Despite these shortcomings, videos can be downloaded in a handful of formats, including AVI, FLV, MKV, MP4, and WMV. If you only want the audio portion, videos can also be downloaded in MP3 format. The actual process only requires the URL of the video—just copy and paste it in.

    4. JDownloader

    Available on: Windows, Mac, and Linux.

    Supported sites: Nearly any site with streaming video.

    JDownloader is a stream downloader but with a twist. You take the URL of any page that has a video on it, paste it into the app, and it will scan the page for all the videos it can detect. You get to pick which of the detected videos you want to download.

    The nice thing about JDownloader is that you don’t need the direct URL of a specific video. For example, take a MakeUseOf article with five embedded videos, and all of them will be available to download. No need to fumble around finding out the direct URL of the video. This makes it effortless to capture several videos at once.

    However, be aware that the installer comes with bundleware, which is where other programs are pushed to you that you don’t need. When you run the installer, you’ll come across a page that offers to install “Bing Search” or something else. On this page, the buttons will change to Decline and Accept. Ensure you click Decline because this will prevent bundleware from being installed on your system.

    5. youtube-dl

    Available on: Windows, Mac, and Linux.

    Supported sites: YouTube, Facebook, Crunchyroll, Metacafe, Vimeo, Dailymotion, and thousands of other sites.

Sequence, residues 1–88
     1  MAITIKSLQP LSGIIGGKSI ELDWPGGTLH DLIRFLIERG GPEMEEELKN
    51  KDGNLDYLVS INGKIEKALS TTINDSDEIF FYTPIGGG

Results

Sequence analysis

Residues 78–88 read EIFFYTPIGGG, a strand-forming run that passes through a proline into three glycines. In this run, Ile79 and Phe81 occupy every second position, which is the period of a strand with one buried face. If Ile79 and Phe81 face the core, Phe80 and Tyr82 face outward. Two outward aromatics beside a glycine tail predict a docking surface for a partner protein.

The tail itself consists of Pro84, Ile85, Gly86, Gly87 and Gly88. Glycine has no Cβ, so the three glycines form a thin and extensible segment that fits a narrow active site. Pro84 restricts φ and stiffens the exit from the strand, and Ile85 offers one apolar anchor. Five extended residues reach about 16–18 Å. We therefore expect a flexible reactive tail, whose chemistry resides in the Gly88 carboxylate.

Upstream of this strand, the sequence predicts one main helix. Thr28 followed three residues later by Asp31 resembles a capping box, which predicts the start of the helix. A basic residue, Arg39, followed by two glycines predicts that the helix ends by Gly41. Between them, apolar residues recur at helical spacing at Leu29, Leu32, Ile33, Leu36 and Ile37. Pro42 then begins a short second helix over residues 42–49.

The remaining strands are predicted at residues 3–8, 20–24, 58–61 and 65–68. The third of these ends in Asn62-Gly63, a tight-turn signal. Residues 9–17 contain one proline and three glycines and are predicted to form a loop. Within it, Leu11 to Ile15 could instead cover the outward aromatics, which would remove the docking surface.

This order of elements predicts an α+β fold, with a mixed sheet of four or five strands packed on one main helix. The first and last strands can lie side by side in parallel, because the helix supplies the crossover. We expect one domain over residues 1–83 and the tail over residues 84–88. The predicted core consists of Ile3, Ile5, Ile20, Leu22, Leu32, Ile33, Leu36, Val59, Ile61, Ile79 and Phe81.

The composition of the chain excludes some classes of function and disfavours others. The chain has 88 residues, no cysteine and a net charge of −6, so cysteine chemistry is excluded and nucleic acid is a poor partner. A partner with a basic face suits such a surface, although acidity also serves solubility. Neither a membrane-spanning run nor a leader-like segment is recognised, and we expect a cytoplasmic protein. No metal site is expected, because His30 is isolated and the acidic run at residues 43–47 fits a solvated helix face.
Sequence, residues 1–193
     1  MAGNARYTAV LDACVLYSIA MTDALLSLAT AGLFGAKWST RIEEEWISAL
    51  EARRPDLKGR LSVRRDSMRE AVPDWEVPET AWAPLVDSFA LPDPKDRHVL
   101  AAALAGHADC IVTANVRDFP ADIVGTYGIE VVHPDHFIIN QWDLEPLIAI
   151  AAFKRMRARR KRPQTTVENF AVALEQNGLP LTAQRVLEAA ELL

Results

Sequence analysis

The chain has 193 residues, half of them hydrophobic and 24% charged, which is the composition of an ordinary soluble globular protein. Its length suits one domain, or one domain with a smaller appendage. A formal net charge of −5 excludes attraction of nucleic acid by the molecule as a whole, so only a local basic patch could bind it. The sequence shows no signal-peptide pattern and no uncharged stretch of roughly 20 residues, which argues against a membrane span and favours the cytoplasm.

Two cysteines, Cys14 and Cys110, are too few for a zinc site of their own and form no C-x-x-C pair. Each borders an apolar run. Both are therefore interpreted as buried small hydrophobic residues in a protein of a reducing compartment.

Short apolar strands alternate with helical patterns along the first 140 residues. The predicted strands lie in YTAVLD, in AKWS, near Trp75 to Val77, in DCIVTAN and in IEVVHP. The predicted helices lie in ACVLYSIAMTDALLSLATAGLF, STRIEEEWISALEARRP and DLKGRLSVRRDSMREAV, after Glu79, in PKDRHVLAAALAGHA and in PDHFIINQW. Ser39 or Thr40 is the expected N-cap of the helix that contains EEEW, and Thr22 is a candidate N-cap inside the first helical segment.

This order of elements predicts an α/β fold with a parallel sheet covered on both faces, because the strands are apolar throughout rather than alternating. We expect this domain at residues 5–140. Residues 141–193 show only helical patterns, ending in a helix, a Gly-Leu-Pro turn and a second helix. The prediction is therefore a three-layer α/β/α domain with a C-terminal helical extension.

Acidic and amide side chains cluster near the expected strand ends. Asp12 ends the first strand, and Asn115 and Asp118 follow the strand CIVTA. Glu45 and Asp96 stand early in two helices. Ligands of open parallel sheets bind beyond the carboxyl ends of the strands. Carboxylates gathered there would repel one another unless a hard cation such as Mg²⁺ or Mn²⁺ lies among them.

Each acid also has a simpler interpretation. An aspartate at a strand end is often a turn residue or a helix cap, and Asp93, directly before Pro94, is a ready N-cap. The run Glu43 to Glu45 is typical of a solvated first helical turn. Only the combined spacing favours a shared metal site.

youtube-dl is a tool for advanced users who are comfortable using the command line. If you prefer graphical interfaces, save yourself the headache and just use one of the ones listed above.

    But if you’re okay with command line utilities, then youtube-dl offers the most flexibility of any video downloading tool. It’s complicated enough to have a non-trivial learning curve though, so prepare to read the documentation, or else you’ll be lost.

    You could also try youtube-dl-gui, which is an unofficial front-end user interface that’s available for Windows and Linux. Despite its steep learning curve, youtube-dl can download streaming videos from select platforms like Crunchyroll.

    Features include several video selection and quality parameters, playlist processing, download rate limit, batch video downloading, automatic naming of files, the inclusion of ads, and downloading subtitles (for sites like YouTube).

    The following formats are supported: 3GP, AAC, FLV, M4A, MP3, MP4, OGG, WAV, and WEBM.

    The Last Resort for Capturing Online Videos

    If you encounter a video that isn’t supported by any of the above tools, the last resort is to play the video in full-screen mode and record your screen as it plays.

    It’s not a perfect solution, but it normally works when nothing else does. Keep in mind, however, that some sites and apps (especially TV streaming services) will not let a screen recorder capture the footage. When you go to play the video back again, you will just be faced with a blank screen.